November 5, 2012 11:02:14 AM
Shannon Bardwell - firstname.lastname@example.org
At 90 years old, Ms. Fannie declared, "This is my best day at church yet!"
'Tis the season for homecomings and that Sunday was homecoming at Shaeffer's Chapel. People who have never been to Shaeffer's Chapel come to the reunion, but Ms. Fannie Gerhart has never been anywhere else.
Ms Fannie says the small country church once dwindled down to a couple of "Looneys" and herself. The Looneys were a Prairie family from over on Looney Road and they, along with Ms. Fannie and her family, continued church meetings at the chapel.
It is said that Shaeffer's is the oldest continuously-meeting congregation in Lowndes County, having celebrated its 193rd year. That celebration can certainly, in part, be attributed to Ms. Fannie's faithful attendance.
Ms. Fannie shared remembrances of winter meetings at the chapel and the potbelly stove that sat where the organist does now. "If someone remembered to get to the church early that morning and start the fire we were warm, but if they didn't, we remained bundled up."
In the summer the stained glass windows were raised and cool air circulated, with the help of paper fans provided by Gunter Funeral Home.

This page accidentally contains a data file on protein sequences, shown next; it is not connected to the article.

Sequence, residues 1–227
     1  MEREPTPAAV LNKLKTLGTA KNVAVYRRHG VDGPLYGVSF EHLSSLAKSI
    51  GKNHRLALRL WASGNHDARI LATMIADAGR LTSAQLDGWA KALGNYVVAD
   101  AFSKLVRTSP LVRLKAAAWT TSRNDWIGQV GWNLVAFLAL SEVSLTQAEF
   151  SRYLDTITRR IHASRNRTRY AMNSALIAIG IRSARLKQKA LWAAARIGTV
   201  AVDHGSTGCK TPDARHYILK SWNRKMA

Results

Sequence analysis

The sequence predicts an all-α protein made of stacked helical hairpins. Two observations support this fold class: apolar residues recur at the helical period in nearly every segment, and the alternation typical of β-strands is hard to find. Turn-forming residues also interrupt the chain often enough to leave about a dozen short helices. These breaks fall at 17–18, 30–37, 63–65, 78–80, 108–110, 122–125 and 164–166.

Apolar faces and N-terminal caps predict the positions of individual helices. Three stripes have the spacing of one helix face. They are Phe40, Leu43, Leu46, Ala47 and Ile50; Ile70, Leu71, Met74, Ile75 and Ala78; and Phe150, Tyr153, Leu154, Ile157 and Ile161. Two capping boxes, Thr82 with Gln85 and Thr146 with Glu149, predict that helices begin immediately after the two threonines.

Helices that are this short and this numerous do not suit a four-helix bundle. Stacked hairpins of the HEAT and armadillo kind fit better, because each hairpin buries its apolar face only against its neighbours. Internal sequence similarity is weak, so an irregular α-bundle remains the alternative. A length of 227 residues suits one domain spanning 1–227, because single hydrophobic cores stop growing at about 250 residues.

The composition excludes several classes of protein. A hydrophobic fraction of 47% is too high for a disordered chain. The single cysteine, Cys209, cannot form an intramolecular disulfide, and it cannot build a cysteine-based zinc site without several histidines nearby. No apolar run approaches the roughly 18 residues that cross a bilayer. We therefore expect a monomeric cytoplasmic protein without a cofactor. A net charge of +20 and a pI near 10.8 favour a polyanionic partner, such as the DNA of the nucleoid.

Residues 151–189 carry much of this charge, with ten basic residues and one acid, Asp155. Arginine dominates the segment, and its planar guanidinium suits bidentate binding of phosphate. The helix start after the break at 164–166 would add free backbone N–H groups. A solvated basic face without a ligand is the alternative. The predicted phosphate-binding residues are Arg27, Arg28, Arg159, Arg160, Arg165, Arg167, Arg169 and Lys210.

One Sunday Ms. Fannie's sister joined the church unexpectedly and wanted to be baptized. The sister had to wait a week because no one had thought to bring any water. The only bathroom was a "two-holer" where the fellowship hall now stands.
Although the chapel was only one room, the group managed to separate into Sunday School classes by meeting in cars. The children piled in the back seat; the teacher taught leaning over the front seat.
Once, Ms. Fannie was teaching class in the car when she and the children heard a thump, then another thump. She and the children looked around and under the car and finally opened the trunk -- where they found Mr. Gerhart's hunting dog. The dog escaped Sunday School, high-tailed it home and never came back.
The Gerharts used to live at the corner of Shaeffer's Chapel Road and Highway 45 Alternate, and across the highway was the old Gerhart homestead. For years the big two story white house with a large black "G" at the roofline sat abandoned and in disrepair. I've heard tell of many people who report having lived there at one time or another.
Then the highway expansion came. The Gerhart homes were taken and Ms. Fannie never blinked an eye; she simply built a new home and barn on the east side of the expanded highway.
Inside her new house the walls are painted a bright sunshine yellow, which seems fitting for Ms. Fannie.
There she spends her days quilting and remembering, and every Sunday she puts on her Sunday best, grabs her walking cane and drives herself across the new highway to the church she's gone to her whole life -- and where each Sunday is the best she's ever had.
Shannon Rule Bardwell is a Southern writer living quietly in the Prairie.